Maycroft Provincial Recreation Area
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Introduction

Are you planning a trip but can't decide what you're looking for? Whether it's mountains, rivers or open prairies, Maycroft Provincial Recreation Area has ready access to it all. Less than a two hour drive south of Calgary, it's the ultimate place to spend a weekend out in the wilderness.

Nestled along the Oldman River, you'll have opportunities to fish, geocache, and canoe along the river. The Oldman River is one of the most popular places to fish along in southwest Alberta, and it flows downstream starting from the Rocky Mountains and joins the Bow River to drain in Hudson Bay. Maycroft's location makes it the perfect place to set up base camp for your fishing trips.

If you look a little further west, however, you'll have the remote and wild backcountry of the Bob Creek Wildlands to explore, as well as the glacial ridges of the Rocky Mountains. So whether you're planning a quick weekend getaway or a week-long stay, you'll never run out of things to do at Maycroft PRA!

RV Rentals in Maycroft Provincial Recreation Area

Transportation in Maycroft Provincial Recreation Area

Driving

Maycroft PRA is a 28.3 km (17.6 mi) drive north of Lundbreck, its closest city. From Lundbreck, head north on Hwy 22 for about 25 km (15.5 mi) until you reach Township Road 101A. Turn left at this intersection onto a gravel road, and keep left at the fork to head towards the campground. From the fork, its less than 500 meters (about 1500 ft) to get to the campsites.

Parking

Public Transport

Campgrounds and parking in Maycroft Provincial Recreation Area

Campsites in Maycroft Provincial Recreation Area

Reservations camping

First-come first-served

Maycroft Campground

Maycroft campground is situated right off of Hwy 22, also known as Cowboy Trail, and along the banks of Old Man River. The sites are both RV and tent-friendly, and while you're camping, you'll be out in the prairie with views of the Rocky Mountains to the west.

This campground has ten unserviced sites, with only firepits, vault toilets, and a non-potable water pump. You must bring your own water for drinking, cooking, and washing dishes - the water provided through the pump may only be used for putting out fires.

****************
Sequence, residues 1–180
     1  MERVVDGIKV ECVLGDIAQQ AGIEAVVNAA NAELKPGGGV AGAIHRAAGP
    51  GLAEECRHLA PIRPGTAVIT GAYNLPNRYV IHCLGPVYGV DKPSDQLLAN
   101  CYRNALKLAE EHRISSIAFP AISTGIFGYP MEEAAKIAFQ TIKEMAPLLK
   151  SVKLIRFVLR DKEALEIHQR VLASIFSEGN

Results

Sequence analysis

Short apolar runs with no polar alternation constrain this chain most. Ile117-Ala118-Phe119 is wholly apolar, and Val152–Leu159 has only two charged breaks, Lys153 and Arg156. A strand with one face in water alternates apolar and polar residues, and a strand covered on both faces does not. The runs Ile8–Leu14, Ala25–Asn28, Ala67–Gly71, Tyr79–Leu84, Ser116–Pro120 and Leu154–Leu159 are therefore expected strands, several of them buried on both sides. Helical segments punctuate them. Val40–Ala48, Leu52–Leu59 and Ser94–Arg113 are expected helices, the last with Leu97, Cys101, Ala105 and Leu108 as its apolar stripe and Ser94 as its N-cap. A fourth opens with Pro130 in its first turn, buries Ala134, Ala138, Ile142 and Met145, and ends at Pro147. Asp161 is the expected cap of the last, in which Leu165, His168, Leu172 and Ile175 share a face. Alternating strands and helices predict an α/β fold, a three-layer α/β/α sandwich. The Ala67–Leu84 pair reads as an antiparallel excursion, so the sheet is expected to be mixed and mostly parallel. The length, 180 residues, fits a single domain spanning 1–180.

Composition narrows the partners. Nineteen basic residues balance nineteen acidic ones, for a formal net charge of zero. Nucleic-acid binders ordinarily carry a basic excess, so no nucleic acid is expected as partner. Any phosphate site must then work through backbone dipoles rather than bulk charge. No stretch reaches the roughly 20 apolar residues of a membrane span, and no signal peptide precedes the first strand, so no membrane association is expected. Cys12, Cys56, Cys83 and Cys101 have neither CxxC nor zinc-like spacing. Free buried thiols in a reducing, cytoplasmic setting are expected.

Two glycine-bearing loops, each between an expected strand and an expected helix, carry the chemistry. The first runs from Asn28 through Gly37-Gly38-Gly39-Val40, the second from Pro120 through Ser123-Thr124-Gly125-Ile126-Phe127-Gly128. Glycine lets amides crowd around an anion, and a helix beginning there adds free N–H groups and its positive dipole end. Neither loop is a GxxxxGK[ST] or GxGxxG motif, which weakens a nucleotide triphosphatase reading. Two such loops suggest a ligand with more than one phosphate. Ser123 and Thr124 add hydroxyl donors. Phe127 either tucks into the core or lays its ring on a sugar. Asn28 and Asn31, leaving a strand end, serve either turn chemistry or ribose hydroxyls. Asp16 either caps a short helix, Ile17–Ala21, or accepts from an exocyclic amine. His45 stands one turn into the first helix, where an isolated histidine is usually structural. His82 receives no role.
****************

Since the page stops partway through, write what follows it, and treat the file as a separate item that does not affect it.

Like all parks in Alberta, pets are allowed, but they must be leashed at all times and cleaned up after. Don't forget to bring your scooper and dog waste bags if you're bringing a furry friend! Additionally, the campground is self-registration, so don't forget cash or a check to pay the campsite fee.

Alternate camping

Seasonal activities in Maycroft Provincial Recreation Area

In-Season

Geocaching

The surrounding area at Maycroft PRA is also home to some fun geocaching opportunities. If you've got your GPS handy, head west of the park to hunt for geocaches along the Rocky Mountain ridges. Who knows, you might find some fun clues and treasures while also getting to hike and explore the beautiful terrain.

Canoeing/Kayaking

Maycroft PRA has a hand launching area where you can bring your canoes or kayaks onto the river. Depending on the time of year you go, the water levels might be drastically different. If you're planning on doing paddling trips along the Oldman River, call the parks office ahead of time to check the river conditions and prepare accordingly.

Fly Fishing

The Oldman River is one of the major fly-fishing destinations in southwest Alberta. This river starts in the western Rockies, flows through the prairies, and drains in the Bow River. In the section of the river that passes through Maycroft PRA, you'll be able to find rainbow and cut-bow trout. During the summer, while the river is higher, it's recommended that you take a boat onto the river to fish. However, after summer progresses and the water level lowers, you can simply wade into the river.

Off-Season

Fat Biking

Calgary is home to over 850 km (528 mi) of pathways, along with 95 km (59 mi) of trails, that you can explore on your fat bike. Bring your fat bike, or rent one at several locations in the city, and take it out onto the trails to cycle during Canada's colder months.

Tubing

Tubing doesn't only take place on water. If you're up in snowy Canada, bring your tube and get ready to tackle some hills! Winsport in Calgary has the largest tube park in Western Canada, and if you're okay with traveling further West, head into Banff to go down some tube trails in the Rocky Mountains.

Hiking

Remember that fork in the road that you passed on your way in? If you take a right onto Range Road 22A, it'll take you into the Bob Creek Wildlands along a gravel road, where you'll have access to both developed trails and primitive, sub-alpine wilderness. Depending on how adventurous you're feeling, you could either hike the flat, 12.8 km (8 mi) Camp Ridge Route, or head further along the road to a trailhead that will take you up onto the ridge with a few trail options of various lengths. If you are well-versed on wilderness survival skills and want a more daring adventure, grab your backpacking gear and spend some time hiking in the backcountry. If you decide to do this, be warned - although there are some designated trails, they are not well marked.

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